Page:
Please excuse my returning to the subject of teeth, but I've had molars on my mind. Since my trip to America where my British teeth were looked upon with horror, I have been examining them day and night. It would be fair to say that this has become an obsession.
In restaurants with friends and colleagues I will lose my train of thought and start thinking of teeth. Instead of asking the waiter for some hollandaise sauce with my asparagus, it will come out as, 'Could you please bring me some hollandaise teeth.' When I excuse myself to go to the loo it is invariably my intention to open my mouth like a hippo and stare into the mirror.
At home I have tried to remove stains with household items varying from kitchen knives to a needle. I did quite well with the needle, actually. I managed to remove a stain of about half a millimetre, after sticking the point in my gum by accident.
My teeth remind me rather of British people. You rub along, not really noticing or caring about things until someone points them out to you or all your teeth fall out – metaphorically speaking. I mean, take the abolition of the Lord Chancellor. I have spent the last few days chatting to that strange creature known as the man on the street. You mention the Lord Chancellor and he yawns – showing his teeth which are, comfortingly, even worse than mine. What does it matter? he sighs. He is only a man in a wig. Then you tell him that the post has been part of our constitution for 1,400 years and he might mutter something along the lines of what a pity it is getting rid of another tradition, etc.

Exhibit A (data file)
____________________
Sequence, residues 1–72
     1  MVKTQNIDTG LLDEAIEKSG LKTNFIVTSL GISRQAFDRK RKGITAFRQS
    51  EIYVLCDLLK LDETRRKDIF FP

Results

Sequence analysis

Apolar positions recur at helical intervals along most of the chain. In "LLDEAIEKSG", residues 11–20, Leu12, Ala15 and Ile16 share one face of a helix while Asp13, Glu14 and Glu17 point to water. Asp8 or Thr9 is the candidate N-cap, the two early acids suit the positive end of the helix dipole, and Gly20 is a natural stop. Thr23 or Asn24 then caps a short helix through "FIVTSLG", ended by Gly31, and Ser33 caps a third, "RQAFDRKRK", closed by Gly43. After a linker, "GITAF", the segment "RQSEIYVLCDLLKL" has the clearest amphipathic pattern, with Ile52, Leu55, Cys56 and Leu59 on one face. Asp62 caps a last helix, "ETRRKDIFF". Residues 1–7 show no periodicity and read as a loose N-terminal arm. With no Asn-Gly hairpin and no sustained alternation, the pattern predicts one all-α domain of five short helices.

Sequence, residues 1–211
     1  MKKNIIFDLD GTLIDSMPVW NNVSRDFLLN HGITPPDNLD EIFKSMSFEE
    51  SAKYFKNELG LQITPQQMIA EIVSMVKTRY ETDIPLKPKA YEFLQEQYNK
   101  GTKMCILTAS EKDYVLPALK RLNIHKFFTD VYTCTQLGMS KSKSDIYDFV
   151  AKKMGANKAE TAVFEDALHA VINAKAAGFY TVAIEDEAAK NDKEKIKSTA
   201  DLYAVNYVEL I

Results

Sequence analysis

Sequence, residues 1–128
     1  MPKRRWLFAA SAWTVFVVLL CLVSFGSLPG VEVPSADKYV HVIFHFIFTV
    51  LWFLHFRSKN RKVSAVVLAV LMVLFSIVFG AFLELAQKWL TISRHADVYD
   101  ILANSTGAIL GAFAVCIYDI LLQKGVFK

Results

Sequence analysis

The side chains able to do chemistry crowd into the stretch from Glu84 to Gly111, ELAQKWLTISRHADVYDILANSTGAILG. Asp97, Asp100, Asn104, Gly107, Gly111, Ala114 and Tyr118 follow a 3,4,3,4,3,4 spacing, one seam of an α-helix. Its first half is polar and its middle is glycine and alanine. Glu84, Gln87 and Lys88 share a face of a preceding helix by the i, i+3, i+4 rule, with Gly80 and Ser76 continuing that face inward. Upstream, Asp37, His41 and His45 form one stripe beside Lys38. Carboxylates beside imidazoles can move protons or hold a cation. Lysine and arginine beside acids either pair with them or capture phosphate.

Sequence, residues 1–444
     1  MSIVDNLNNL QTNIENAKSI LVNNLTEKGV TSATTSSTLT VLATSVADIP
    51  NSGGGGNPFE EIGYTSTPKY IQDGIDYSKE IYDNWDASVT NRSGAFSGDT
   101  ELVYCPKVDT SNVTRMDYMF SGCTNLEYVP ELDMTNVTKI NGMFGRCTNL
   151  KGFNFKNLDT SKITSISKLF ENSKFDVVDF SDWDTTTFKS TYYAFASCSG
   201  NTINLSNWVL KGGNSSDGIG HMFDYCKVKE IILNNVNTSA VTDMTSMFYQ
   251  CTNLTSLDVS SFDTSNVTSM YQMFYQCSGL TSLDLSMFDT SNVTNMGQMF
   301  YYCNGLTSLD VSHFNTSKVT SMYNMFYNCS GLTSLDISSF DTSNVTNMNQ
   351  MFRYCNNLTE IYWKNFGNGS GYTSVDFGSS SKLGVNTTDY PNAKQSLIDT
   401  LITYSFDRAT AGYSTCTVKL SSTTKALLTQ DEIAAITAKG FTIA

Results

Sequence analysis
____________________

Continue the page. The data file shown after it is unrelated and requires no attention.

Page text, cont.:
But the point of the Lord Chancellor is not 'tradition' as in providing something jolly for tourists. He is there to help check the power of the prime minister. He is one of the cogs in our constitution which prevents a return to the days of any one man or woman wielding absolute power. So, in that sense, the Lord Chancellor is very modern indeed.
This is why Mr Blair has abolished him. But, the media ask, why has he shown such a lack of political skill? He, the alleged master of presentation, the Cecil B. De Mille of politics. One answer is that Mr Blair has always suffered from a Napoleon complex, which is now entering its last stages.
It is 2006. The Windsors are in exile in Bermuda, though Charles argued vociferously for Tuscany. Tony Blair is about to be crowned king, although the hereditary peerage has been abolished. Gordon Brown has been sent to rule the Falkland Islands and David Blunkett has been made Prince of Gibraltar.
It is the rehearsal for the coronation of Tony and Cherie. Tony has announced his intention of abolishing the post of Archbishop of Canterbury, but his friend Lord Falconer has kindly agreed to take on the role before it disappears. The Blair and Booth families are arguing. Lauren Booth is refusing to carry Cherie's train. She is furious because Carole Caplin has been created a princess. Tony is wearying of all the squabbles so he agrees to make Ms Booth a royal highness.
The coronation goes ahead. Mr Blair hurriedly crowns himself. This is to prevent the guests from staring at the large bald patch he has acquired. Cherie looks resplendent in an Indian-style outfit by Ronat Zilka. Her joy is not to last, however. It is 2009 and the other European powers are beginning to question Tony's legitimacy. He divorces Cherie in order to marry the young daughter of Queen Caroline of Monaco. (Prince Albert has relinquished his rights to the throne in order to remain a bachelor.) Cherie goes into exile in Australia where she starts a pearl farm with Derry Irvine. The couple live out the rest of their lives talking about the good old days.
Yes, the British electorate had better examine their teeth at the next election.